Complex of the Church of St. Nicholas

The Church of St. Nicholas in Vilnius, distinguished by its small size and modest architecture, is not only the oldest Catholic building in Lithuania, but also one of the oldest buildings in our country overall. The first time the church was mentioned in writing was approximately at the same time as Vilnius city itself and before Christianity was widely established in Lithuania. Historians presume that the sanctuary was built in the first half of the 14th century for settling German merchants. Although the church was rebuilt numerous times, its general Gothic character has been preserved. According to the architecture historian Morta Baužienė, the church was rebuilt at least three times even back in the Gothic period.

The irregular rectangle hall church was completed with a presbytery, which is wider than the main nave and features a not completely symmetrical triple apse. The naves are divided by four octagonal columns, rising to web vaults with different rib patterns. The vaults of the church feature particularly rare preserved examples of Gothic painting of the firmament. During the restoration of the church, a fragment of the Gothic brickwork of the wall was opened for exhibition.
The symmetric front façade has two sections. The lower section features the wall with four plastered niches and a window above an arched portal with a profiled brick edging. Above the recessed frieze there is a triangular gable covering three groups of three arches each, arranged on two levels. The arches on the lower sides rise towards the middle of the gable with a composition of arches, featuring an arrangement of two smaller and a large middle arch. The gable was plastered until the late 1980s, when it was restored to its original stepped profile, based on historical data.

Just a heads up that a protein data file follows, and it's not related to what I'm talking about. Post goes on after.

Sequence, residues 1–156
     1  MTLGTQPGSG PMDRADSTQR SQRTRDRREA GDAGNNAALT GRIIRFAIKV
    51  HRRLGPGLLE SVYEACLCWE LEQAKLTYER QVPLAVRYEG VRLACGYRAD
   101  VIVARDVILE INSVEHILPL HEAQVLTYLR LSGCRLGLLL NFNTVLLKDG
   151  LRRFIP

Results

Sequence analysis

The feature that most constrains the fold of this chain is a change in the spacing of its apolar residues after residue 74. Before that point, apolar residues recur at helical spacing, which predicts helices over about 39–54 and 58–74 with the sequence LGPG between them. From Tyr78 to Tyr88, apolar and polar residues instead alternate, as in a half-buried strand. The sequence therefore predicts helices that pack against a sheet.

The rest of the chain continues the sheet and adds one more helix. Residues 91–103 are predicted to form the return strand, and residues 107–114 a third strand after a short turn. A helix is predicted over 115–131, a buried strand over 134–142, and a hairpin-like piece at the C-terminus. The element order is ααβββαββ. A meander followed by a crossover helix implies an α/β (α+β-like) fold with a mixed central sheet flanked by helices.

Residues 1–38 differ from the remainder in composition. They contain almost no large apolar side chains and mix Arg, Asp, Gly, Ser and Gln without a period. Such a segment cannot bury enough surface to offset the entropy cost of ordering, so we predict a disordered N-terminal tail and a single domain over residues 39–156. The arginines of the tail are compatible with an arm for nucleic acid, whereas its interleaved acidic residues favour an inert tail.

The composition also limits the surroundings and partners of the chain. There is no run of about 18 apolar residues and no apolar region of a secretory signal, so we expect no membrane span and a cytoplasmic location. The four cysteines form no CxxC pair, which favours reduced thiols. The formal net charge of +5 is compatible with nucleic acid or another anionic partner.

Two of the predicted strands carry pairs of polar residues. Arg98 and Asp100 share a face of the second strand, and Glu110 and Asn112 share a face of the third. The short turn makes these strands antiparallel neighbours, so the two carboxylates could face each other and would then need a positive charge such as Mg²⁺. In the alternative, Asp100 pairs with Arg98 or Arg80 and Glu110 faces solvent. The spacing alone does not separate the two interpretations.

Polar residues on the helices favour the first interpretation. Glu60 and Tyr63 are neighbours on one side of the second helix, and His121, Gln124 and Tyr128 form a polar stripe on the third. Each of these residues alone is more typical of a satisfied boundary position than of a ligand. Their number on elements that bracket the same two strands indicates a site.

The side façades are laconic with two windows each, positioned in a rather large distance from each other. The northern façade has a small side entrance. Up until the reconstruction of 1980s, the only Gothic buttresses that survived were on the corners of the front façade and near the presbytery. The four side buttresses with semi-circular arches were reconstructed based on the remaining example. Both sides of the presbytery have windows, arranged on a slightly uneven axis, while the three edges of the apse feature three plastered niches.

The church altar and organ balcony were built in late Baroque style in the 18th century. The belfry was built approximately in the same period, while the sacristy wing and the fence surrounding the sanctuary come from the 19th century. Interestingly, during the Polish rule in the interwar period, this was the only church in the city to host mass in Lithuanian language. In 1930, when Lithuania celebrated the so-called year of Vytautas the Great, the church uncovered the Duke’s bust.


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